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July 13, 2009

In spring,
some sprinkle lamb with a seasoning of sea salt, with garlic, bay and rosemary, and spit-roast the meat, for a festive gathering in Genoa or Crete, but I don’t; for my gathering is of petals of my damask roses, a gathering of thousands in the uplands of Iran.

In summer,
some swim at leisure in the salt Aegean or play on crowded beach. Such opportunities are not within my reach, as I sort out the figures for the tax to be paid, on export orders for attar of roses, superior grade.

In summer too,
I receive the almonds from my bowing trees, buying sea salt from Brittany, to season a proportion of the crop, which is roasted to perfection and tied up prettily, in bags that I have made from patterned cloth. The remainder of the produce of my sheltered orchard, I shell and grind and sell for use in fine confections.

In autumn,
when the crocus corm, salt of the earth and worth the wait, comes into bloom, I take no rest. The precision extraction of splinters of stigma is an endurance test. The task is barely done, before I weigh and pack and label the insubstantial wisps, which have been set to dry, and seal each little box with wax, red for première qualité, pricing them according to the tax that will be levied and the value of the labour that has gone into the production of every gram of saffron.

In winter,
in Stockholm, some bake saffron bread for the welcoming of visitors. In Brussels, others, when dining in company, proffer pastel-tinted macaroons with after-dinner coffee. In Edinburgh, others still, invite invited guests to drink a dram and nibble salted offerings and cake of brandied fruit with, concealed beneath the icing, a layer of marzipan. In Lombardy, my stigma gild saffron risotto, for those who meet and greet in the restaurants of Milan.

Meanwhile, everywhere, glassy cubes of loukoum waft their rosy perfume, redolent of breathless days of May, bewitching children with their alchemy and getting faces sticky.

Thus the yield my harvest brings will take me to Morocco, where they lay lemons down in salt, to make a piquant condiment, added as ingredient, together with some whispered strands of stigma plucked by my own hands, to suffuse a lamb tagine with taste beyond imagining, renewing bonds with kith and kin.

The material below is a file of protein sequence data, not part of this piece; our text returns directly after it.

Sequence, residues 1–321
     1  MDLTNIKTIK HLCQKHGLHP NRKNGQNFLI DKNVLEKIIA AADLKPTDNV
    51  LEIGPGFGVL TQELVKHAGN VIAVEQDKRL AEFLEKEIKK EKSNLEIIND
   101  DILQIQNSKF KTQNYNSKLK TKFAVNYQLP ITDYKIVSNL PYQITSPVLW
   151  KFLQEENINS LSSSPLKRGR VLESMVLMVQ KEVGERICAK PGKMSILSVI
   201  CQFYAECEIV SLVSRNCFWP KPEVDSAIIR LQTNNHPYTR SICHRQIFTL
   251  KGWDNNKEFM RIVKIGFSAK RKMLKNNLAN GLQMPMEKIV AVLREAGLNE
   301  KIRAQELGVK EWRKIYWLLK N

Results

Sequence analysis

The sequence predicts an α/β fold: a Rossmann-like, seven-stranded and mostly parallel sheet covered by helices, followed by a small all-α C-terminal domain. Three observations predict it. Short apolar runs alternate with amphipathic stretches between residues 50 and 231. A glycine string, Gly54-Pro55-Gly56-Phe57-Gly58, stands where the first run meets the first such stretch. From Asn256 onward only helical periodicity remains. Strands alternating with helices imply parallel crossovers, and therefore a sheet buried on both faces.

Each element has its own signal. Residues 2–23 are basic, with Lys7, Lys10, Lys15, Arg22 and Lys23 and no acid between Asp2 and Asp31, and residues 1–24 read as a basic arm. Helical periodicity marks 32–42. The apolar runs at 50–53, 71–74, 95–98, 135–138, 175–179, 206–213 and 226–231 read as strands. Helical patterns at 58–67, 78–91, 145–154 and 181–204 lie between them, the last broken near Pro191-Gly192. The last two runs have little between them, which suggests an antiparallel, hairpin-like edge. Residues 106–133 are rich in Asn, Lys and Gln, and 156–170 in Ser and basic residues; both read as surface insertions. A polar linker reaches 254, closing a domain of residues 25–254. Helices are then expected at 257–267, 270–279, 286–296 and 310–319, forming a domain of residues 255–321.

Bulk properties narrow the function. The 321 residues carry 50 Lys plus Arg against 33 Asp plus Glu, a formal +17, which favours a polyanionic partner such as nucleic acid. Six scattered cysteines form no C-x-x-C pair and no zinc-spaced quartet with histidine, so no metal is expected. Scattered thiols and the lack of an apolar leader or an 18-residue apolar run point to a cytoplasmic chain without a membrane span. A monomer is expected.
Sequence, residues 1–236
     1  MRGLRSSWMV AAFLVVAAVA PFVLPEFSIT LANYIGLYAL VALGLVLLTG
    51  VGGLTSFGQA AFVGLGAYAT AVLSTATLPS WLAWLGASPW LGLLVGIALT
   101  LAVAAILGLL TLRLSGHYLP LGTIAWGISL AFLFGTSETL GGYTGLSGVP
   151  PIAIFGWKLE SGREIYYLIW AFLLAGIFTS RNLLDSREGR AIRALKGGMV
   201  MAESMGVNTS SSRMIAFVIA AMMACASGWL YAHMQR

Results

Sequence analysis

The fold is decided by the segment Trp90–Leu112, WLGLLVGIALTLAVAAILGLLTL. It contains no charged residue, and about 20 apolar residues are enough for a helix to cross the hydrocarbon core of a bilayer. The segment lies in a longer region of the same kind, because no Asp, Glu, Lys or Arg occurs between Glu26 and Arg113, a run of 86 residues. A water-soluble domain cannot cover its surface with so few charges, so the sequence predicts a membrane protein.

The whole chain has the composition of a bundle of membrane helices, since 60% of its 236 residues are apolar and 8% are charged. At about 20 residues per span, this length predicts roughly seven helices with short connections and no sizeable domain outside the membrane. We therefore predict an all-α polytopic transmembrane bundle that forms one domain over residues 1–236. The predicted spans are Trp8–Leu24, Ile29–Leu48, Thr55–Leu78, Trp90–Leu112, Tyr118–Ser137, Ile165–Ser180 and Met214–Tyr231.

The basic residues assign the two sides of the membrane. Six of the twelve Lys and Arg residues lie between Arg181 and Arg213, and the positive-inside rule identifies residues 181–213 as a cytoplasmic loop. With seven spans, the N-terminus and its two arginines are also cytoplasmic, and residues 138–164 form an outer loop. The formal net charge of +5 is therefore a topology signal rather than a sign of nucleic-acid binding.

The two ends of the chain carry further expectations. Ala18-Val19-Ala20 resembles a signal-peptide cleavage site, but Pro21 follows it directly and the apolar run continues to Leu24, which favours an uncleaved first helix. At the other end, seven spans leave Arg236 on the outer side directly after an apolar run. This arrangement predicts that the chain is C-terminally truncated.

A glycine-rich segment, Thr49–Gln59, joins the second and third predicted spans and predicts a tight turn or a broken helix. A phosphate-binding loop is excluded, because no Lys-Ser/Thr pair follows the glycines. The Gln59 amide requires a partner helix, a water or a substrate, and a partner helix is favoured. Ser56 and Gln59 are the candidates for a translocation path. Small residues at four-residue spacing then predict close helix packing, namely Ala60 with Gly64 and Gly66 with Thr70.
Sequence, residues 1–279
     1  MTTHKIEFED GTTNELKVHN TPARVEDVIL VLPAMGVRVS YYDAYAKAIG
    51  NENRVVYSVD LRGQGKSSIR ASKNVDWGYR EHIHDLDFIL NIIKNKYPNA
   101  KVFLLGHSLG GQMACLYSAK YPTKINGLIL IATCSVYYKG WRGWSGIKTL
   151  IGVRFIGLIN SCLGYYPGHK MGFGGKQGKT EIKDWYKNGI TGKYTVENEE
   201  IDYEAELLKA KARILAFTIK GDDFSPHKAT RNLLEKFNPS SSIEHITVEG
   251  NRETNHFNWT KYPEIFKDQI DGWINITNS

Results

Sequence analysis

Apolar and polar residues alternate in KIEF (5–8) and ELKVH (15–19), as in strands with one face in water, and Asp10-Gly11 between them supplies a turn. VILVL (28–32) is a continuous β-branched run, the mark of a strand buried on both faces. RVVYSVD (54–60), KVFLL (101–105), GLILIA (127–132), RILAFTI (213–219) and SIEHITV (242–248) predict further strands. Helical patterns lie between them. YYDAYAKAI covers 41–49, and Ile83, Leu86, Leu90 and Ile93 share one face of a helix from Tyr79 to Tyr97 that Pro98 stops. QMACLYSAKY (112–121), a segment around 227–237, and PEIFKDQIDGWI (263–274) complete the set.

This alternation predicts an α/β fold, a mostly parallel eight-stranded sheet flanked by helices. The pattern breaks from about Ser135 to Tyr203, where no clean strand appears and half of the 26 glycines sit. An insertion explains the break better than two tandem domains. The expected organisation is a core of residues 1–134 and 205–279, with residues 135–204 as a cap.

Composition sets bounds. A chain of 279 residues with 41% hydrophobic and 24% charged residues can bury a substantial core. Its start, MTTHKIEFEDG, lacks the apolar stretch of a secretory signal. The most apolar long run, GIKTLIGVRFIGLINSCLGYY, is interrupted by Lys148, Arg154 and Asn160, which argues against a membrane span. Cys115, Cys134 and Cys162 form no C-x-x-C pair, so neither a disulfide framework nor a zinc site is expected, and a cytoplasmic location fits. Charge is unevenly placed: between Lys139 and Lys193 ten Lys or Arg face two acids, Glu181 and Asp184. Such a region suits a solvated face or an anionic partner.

For the very act of sharing a repast in rich conviviality is, itself, a seasoning, without price and tax-free.

by Rachel Woolf

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  1. tessa thomas
    July 26, 2009 at 3:45 pm

    This is a feast . Beautiful words beautifully put together. Thank you .

  2. Tina Moskal
    August 7, 2009 at 10:17 am

    Redolent indeed (and in word!), of lovely, elegant places and peoples, and the actual words of the poem sound as luscious in a speaker’s mouth as the flavours of the foods do in the mind’s mouth.
    I love the sense of restraint tempering the indulgence. There is not a word wasted; and perhaps because the flavours conjured are delicate ones, a couple of them exotic and still rare here despite today’s global gourmandising, there is throughout the poem no sense of gluttony; simply of exquisite taste.

  3. Vincent
    August 7, 2009 at 11:36 am

    This poem takes me on a wide trip of tastes and smells round the Mediterranean, and beyond. Some of the best things life has to offer are hinted at. And I love the mundane details of tax and book-keeping and wrapping, beside the sensuous skein of saffron and attar of almonds.

    My uncle was a cultivator in Saffron Walden. What did he grow? Lavender!

    December 19, 2010 at 4:39 am

    Brilliant piece of writing. A wonderful menue full of so many exotic dishes…food for the mind. Thank you

    • Rachel Woolf
      December 19, 2010 at 8:49 am

      Thank you Alan. In print it is lovely, but of course minus the voices. It was co-edited by the talented Anna Dickie. Here’s to ever strengthening Scottish/trans-Atlantic poetry links.

  5. December 19, 2010 at 11:08 am

    Beautifully done!

  6. Maria Chamberlain
    December 20, 2010 at 7:18 am

    I love the botany of this. So beautiful.

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